In a city where agriculture is king, it seems fitting that Fort Collins’ newest culinary hub has taken the notion of “farm-to-table” to a very literal level. Jessup Family Farms, a 130-year farmstead once owned by the Jessup family, was revitalized late in 2015 and is now home to an artisan village blistering with life.
Situated on 13 acres of land, at its heart you’ll find a restaurant, a coffee shop, a brewery, a bakery, a boutique, a fitness studio, a barbershop, a photography business and even a vintage watch store— all housed in the white-washed, newly restored structures, now sewn together under a glittering net of lights.
The Barrel House (brewery) and Farmhouse (restaurant) anchor this community and have retrofitted the old barn and farmhouse, respectively.
The Barrel House, with its aging and fermenting operation on the main floor and tasting room on the second, focuses on a unique beer blending program crafted by Jeff Albarella—a Great American Beer Festival winner with an education from the prestigious Siebel Institute’s World Brewing Academy. Albarella has a novel approach to his beer offerings since his main focus is not on the actual brewing. Instead, the Barrel House crafts its base beer out of Fort Collins’ Funkwerks, then brings it in-house for an extensive process of fermenting, barrel aging and blending.
What’s most interesting, though, is that Albarella brings the consumer in on the development of his brews by offering flights ($9-$16) where you can compare and contrast base beers over the barrel aged or fermented renditions. Visitors are able to dissect the impacts of Albarella’s alterations, and will likely leave with a deeper understanding of barrel aging and fermentation made intuitive by taste.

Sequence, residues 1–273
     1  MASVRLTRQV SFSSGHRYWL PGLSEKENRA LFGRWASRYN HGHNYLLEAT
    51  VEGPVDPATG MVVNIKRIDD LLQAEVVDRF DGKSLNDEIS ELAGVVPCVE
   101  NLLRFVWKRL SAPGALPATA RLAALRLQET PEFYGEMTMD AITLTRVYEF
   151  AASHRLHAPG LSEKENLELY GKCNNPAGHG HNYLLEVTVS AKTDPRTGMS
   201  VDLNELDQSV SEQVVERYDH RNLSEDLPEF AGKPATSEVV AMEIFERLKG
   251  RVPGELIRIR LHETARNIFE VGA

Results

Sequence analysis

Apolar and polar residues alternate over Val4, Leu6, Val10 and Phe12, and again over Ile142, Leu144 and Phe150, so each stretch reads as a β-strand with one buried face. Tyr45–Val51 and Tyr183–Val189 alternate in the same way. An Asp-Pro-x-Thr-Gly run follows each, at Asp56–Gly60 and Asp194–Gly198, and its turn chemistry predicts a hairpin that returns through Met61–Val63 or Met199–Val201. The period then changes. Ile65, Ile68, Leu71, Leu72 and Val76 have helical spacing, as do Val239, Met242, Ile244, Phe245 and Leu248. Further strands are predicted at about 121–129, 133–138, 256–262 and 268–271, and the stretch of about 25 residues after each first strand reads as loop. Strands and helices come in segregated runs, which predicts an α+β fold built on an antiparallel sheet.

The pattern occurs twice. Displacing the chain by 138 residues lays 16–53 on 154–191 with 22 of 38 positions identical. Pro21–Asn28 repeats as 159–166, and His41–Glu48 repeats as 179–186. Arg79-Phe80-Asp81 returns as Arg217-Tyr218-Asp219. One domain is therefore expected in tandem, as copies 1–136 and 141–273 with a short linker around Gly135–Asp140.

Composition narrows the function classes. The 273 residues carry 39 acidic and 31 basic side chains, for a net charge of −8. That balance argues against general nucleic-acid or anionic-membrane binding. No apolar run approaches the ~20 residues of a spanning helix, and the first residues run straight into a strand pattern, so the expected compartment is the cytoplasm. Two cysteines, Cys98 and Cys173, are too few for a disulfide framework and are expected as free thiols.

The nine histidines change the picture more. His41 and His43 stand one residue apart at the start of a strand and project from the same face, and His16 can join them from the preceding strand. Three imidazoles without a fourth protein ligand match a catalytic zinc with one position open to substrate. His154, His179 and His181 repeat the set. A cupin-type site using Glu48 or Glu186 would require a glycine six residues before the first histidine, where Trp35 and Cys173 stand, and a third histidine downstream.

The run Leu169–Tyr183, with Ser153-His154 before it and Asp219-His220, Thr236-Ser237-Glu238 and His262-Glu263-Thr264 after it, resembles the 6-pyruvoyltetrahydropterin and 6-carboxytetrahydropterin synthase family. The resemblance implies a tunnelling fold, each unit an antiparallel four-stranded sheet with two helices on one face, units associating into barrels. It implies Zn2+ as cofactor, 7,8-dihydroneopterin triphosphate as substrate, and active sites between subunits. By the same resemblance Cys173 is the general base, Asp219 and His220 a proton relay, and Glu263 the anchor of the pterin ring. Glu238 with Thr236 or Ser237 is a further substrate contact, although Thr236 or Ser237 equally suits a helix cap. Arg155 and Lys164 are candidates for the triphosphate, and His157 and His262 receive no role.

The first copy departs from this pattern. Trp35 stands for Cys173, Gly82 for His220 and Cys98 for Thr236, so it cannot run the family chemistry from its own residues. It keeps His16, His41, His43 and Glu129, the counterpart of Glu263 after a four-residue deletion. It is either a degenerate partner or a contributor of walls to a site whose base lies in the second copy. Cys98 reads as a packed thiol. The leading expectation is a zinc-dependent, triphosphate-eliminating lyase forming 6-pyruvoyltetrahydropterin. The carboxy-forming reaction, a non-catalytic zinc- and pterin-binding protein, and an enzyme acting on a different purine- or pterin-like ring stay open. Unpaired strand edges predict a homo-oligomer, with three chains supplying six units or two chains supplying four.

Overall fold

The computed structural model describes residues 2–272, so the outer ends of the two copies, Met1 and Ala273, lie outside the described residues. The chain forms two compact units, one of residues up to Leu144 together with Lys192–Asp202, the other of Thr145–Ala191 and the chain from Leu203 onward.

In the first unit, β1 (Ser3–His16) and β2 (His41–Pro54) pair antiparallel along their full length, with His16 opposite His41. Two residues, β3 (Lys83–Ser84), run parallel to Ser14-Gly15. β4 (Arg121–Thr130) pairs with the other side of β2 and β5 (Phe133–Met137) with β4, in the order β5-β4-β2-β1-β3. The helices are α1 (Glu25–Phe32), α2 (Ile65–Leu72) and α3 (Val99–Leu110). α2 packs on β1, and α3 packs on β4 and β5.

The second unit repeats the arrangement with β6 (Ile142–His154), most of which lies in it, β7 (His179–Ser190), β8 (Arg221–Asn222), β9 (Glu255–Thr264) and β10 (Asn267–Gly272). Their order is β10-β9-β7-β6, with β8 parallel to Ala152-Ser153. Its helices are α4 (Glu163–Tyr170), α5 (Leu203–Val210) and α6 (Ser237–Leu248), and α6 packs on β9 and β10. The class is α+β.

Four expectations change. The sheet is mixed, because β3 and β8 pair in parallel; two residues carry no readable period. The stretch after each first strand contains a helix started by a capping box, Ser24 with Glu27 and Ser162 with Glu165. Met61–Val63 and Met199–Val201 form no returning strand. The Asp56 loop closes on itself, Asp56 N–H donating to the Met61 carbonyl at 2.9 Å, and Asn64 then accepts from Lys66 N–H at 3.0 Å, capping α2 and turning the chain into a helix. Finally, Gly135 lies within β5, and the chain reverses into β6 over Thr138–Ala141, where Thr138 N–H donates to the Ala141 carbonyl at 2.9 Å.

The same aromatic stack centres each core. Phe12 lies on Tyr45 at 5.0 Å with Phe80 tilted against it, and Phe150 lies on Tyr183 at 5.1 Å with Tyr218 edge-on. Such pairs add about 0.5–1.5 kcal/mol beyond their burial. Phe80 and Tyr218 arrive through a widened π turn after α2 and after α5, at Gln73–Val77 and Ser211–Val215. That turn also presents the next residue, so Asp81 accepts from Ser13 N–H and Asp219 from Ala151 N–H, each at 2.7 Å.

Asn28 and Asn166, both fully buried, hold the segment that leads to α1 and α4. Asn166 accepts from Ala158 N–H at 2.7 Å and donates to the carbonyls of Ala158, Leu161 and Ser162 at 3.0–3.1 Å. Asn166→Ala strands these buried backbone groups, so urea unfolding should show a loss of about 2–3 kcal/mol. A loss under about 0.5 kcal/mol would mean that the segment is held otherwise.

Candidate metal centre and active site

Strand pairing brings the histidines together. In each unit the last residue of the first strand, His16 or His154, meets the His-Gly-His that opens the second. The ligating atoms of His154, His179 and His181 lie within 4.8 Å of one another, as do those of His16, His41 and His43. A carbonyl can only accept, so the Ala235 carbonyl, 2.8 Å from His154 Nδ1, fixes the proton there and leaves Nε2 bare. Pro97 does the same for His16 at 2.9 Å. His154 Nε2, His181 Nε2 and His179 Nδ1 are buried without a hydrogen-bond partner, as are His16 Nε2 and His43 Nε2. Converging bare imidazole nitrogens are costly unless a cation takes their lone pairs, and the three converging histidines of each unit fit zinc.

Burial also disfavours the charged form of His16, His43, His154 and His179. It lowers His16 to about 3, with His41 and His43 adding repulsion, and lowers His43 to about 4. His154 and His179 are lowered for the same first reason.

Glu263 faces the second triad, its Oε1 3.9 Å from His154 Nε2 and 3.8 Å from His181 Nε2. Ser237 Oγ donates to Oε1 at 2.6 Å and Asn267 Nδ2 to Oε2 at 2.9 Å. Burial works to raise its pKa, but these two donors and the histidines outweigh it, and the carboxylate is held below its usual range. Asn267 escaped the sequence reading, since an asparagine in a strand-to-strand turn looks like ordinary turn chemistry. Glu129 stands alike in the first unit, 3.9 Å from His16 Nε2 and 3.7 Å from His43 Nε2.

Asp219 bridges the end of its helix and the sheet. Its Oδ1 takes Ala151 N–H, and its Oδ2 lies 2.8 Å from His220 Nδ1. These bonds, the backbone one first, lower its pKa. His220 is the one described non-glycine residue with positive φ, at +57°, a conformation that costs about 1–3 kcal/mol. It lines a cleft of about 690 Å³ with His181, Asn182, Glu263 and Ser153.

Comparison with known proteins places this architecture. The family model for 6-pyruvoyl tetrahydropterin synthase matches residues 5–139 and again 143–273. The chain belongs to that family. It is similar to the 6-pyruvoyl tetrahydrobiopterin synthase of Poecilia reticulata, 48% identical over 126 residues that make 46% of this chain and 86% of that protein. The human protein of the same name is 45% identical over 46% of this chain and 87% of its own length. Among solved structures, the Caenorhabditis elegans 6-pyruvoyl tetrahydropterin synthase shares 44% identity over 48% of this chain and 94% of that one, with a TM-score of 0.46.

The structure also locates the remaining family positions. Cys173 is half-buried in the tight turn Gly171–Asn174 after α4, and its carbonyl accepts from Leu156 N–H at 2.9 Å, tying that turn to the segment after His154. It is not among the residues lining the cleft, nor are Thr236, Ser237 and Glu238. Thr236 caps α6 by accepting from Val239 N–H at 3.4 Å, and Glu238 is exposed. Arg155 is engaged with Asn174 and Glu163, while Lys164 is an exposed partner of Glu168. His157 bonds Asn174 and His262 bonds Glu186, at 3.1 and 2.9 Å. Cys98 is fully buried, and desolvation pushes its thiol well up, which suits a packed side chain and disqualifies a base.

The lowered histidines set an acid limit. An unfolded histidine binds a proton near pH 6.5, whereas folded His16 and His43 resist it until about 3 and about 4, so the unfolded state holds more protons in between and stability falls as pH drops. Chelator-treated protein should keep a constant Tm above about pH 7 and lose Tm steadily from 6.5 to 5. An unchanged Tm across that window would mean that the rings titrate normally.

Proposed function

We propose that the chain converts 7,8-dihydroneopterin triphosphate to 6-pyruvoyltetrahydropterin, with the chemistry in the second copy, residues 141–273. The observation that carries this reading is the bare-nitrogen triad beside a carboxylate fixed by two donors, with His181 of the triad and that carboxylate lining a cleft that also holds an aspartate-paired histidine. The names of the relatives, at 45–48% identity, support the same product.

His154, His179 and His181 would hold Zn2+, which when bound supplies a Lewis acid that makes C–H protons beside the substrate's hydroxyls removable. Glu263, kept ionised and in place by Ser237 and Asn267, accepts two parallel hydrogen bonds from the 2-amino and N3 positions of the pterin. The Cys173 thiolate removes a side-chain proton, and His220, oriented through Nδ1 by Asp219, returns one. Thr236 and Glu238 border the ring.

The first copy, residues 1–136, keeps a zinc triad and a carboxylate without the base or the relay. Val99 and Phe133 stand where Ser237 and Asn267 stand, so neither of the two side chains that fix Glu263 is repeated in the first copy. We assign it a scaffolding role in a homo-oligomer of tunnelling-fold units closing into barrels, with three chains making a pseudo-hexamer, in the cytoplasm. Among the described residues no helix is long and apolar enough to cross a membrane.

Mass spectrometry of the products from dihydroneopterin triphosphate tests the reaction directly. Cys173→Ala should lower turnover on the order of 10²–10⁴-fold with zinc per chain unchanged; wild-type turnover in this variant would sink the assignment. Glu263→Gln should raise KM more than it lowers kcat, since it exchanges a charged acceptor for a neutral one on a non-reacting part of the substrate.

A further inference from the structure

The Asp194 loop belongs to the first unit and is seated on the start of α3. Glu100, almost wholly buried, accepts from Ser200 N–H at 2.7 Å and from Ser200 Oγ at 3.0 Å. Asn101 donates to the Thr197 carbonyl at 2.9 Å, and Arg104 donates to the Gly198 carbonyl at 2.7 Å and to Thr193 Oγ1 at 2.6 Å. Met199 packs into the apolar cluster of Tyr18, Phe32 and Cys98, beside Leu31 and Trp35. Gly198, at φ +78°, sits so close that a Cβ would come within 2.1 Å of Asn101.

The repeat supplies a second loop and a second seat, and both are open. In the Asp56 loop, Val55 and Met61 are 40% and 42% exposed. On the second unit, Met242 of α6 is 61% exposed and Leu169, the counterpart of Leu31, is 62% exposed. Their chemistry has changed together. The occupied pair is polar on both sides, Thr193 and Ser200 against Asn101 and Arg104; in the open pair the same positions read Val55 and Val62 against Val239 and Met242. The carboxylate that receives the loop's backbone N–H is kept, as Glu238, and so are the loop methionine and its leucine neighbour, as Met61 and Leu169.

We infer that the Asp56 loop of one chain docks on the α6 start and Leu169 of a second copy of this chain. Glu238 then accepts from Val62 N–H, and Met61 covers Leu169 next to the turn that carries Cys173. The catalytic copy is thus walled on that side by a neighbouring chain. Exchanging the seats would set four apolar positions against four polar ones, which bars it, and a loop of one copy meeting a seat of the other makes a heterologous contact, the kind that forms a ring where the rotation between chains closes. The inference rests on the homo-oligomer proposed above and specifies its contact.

The Farmhouse, located diagonally from the brewery, provides a more broad experience with a full-fledged restaurant open six days a week with lunch on weekdays and brunch on Saturdays and Sundays. The restaurant boasts a locally-minded menu with most of its ingredients coming from nearby farms, or from its property—including a portion of its eggs, which come from a chicken coop out back. While only a quarter of an acre of Jessup Farms is currently being used for harvest, plans are in the works to make more of Jessup’s land viable for production.
Highlights of the menu are mainly hearty, homestyle comfort foods. Recommended starters include the bison bone marrow ($8.95), which is a welcomed departure from your typical beef bone marrow, and the pretzel knots ($6.95) that are thick, doughy and utterly satisfying. For the main course, the fried chicken ($17) does its job and is served hot and crispy with a side of smoky white beans, cabbage and a house-made biscuit. The skillet pot pie ($13.95) also won’t leave you wanting, with its bountiful serving ladled in a cast iron skillet that comes crowned with a flaky layer of pastry.
Make sure to sample the cocktail program at the Farmhouse. Either sit at the bar and let the exceptionally skilled bar staff whip you up something new or give any one of the Farmhouse cocktails ($7-$8) a go.
If you’re planning on spending the night up at the Fort, come back to Jessup for Bindle—the resident coffee shop. The standalone store roasts its own beans and makes all its pastries in a tiny kitchen behind the counter. Grab a seat if you can, or on a warmer day, take it to go so you can peruse the grounds.
Going to Jessup definitely warrants the extra time, and for those coming from Denver, the added trek. The revived estate, while modern in function, retains the communal attitude and slower pace anyone familiar with life on a farm would recognize. In this sense, it’s very much a pastoral paradise made perfect for Fort Collins.
All photography by Brittany Werges.
Jessup Farms is located at 1957 Jessup Dr, Fort Collins. Go here to get hours for each location